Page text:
What is a gap wedge? Well, not too long ago (before the mid-1990s), there were only two wedges that ever made it into a golfer’s bag: the pitching wedge and the sand wedge. That was fine for “back then,” because that was before manufacturers began decreasing the loft of the pitching wedge. Pitching wedges that once had a loft of 51-52 degrees are now typically made with lofts less than 49 degrees, while the sand wedge has remained a 56-57 degree loft club. This large gap—between 7-8 degrees of loft—often made it difficult for golfers to select the right club on certain shots. Fortunately, the gap wedge has put many of those difficulties to bed.
Gap Wedge Loft?
So what degree is a gap wedge? The gap wedge loft typically ranges from 50-54 degrees, the gap wedge is a club designed to fill the “gap” between the pitching wedge and the sand wedge.
Also known as the “all wedge,” the gap wedge began to appear in the mid-1990s, and today, almost every golfer on every professional tour carries this type of wedge in their bag. Some golfers also refer to the gap wedge as the 50 degree wedge, or a 52 degree wedge.
When to Use a Gap Wedge?
Needless to say, the gap wedge is typically the club of choice for approach shots that are too long to take to with your sand wedge and too short to take with your pitching wedge. There is no exact gap wedge distance, because this is unique to each golfer. For instance, if you typically hit your sand wedge about 80 yards with a full swing, and you hit your pitching wedge roughly 120 yards with that same swing, your gap wedge would be the ideal club selection for approach shots between 90-110 yards.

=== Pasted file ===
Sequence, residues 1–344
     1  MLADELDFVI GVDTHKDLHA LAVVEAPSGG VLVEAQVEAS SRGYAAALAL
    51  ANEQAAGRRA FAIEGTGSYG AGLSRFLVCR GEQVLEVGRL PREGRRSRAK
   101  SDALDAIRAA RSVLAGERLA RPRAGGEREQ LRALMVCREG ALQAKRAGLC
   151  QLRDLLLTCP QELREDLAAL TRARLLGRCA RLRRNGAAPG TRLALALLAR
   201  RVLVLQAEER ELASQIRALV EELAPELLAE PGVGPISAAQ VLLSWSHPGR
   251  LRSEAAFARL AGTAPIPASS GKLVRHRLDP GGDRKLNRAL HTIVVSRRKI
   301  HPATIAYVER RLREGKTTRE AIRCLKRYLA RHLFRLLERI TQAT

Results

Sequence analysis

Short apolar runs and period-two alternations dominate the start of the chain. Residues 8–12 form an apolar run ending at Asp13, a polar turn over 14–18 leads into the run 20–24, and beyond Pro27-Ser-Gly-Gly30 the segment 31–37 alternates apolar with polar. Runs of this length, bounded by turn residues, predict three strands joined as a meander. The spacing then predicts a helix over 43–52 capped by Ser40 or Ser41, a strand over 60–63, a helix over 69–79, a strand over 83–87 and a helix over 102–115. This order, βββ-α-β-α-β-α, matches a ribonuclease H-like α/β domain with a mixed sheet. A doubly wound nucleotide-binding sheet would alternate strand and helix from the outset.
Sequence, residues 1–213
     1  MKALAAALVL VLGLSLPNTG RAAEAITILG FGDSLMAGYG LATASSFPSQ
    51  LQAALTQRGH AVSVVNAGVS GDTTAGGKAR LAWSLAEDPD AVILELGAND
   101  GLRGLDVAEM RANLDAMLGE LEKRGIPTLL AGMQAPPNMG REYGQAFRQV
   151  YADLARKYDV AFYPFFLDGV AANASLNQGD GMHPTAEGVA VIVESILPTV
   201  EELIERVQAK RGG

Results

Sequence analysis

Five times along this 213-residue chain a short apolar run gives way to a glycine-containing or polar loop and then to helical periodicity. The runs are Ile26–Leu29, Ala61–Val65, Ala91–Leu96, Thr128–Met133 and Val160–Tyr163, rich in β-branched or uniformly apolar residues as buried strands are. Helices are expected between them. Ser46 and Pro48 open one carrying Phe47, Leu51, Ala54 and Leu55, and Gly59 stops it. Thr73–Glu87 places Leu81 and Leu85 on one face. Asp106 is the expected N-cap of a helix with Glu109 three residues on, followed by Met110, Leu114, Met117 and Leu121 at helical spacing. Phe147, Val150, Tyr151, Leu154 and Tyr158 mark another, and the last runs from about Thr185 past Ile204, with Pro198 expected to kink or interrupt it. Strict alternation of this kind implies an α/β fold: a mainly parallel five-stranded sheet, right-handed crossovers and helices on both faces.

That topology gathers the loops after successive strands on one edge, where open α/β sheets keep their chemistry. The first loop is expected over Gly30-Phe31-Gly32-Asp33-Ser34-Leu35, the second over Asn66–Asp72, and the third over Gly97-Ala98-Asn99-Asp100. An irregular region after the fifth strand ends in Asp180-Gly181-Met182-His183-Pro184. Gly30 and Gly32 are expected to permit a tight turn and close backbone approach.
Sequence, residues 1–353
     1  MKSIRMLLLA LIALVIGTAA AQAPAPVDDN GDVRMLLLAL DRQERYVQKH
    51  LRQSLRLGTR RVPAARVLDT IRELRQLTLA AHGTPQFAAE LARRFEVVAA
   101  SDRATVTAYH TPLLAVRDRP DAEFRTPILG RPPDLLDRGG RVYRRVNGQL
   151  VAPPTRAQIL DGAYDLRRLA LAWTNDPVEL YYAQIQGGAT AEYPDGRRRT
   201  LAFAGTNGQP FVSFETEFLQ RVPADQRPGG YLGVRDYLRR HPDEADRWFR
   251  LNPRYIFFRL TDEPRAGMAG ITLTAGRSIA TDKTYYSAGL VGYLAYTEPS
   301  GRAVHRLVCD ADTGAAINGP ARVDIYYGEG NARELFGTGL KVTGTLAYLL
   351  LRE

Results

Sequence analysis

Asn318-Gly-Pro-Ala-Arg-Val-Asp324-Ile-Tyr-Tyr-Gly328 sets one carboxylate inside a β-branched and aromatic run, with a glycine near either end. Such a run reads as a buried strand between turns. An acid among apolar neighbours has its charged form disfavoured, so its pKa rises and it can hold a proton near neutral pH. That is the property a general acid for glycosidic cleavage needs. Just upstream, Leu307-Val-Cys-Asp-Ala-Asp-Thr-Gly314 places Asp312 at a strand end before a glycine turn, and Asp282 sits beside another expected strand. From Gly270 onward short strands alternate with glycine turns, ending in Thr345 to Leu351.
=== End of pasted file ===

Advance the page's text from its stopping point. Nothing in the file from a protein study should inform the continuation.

In addition to approach shots, the gap wedge can be the perfect club for laying up in front of a hazard; or for escaping tall grass around the fringe of the green. Many of today’s best golfers have come up with ingenious ways to use this club, including hitting chips with top spin; and clearing a deep sand trap surrounding the green.
What is a lob wedge? The lob wedge is by far one of the most versatile weapons to have in your golf arsenal. The lob wedge loft typically ranges from 58-60 degrees. The lob wedge degrees are about 2-4 degrees greater than that of a sand wedge.
Also known as the “Lofted Wedge” or “L-Wedge,” the club is typically the shortest-hitting iron in any golf bag, and the one that produces the highest arc. Some players may also refer to the lob wedge as the 58 degree wedge or the 60 degree wedge.
When to Use a Lob Wedge?
As you might imagine, many of the world’s best golfers use their 60 degree lob wedge when forced to hit short shots over a hazard of some type (water, sand). Lob wedge distances usually average around 50 yards or less, and are great for approach shots. Lob wedges also tend to be very accurate when used correctly, as they help the ball to land softly, rarely producing any roll due to the high arc. This can be a great advantage when approaching greens with difficult pin placements, where even the slightest error can be tragic. Experienced golfers can even create great backspin using these clubs.
Simply put, the lob wedge is one of the golfer’s best friends, making shots that were once near impossible very playable indeed.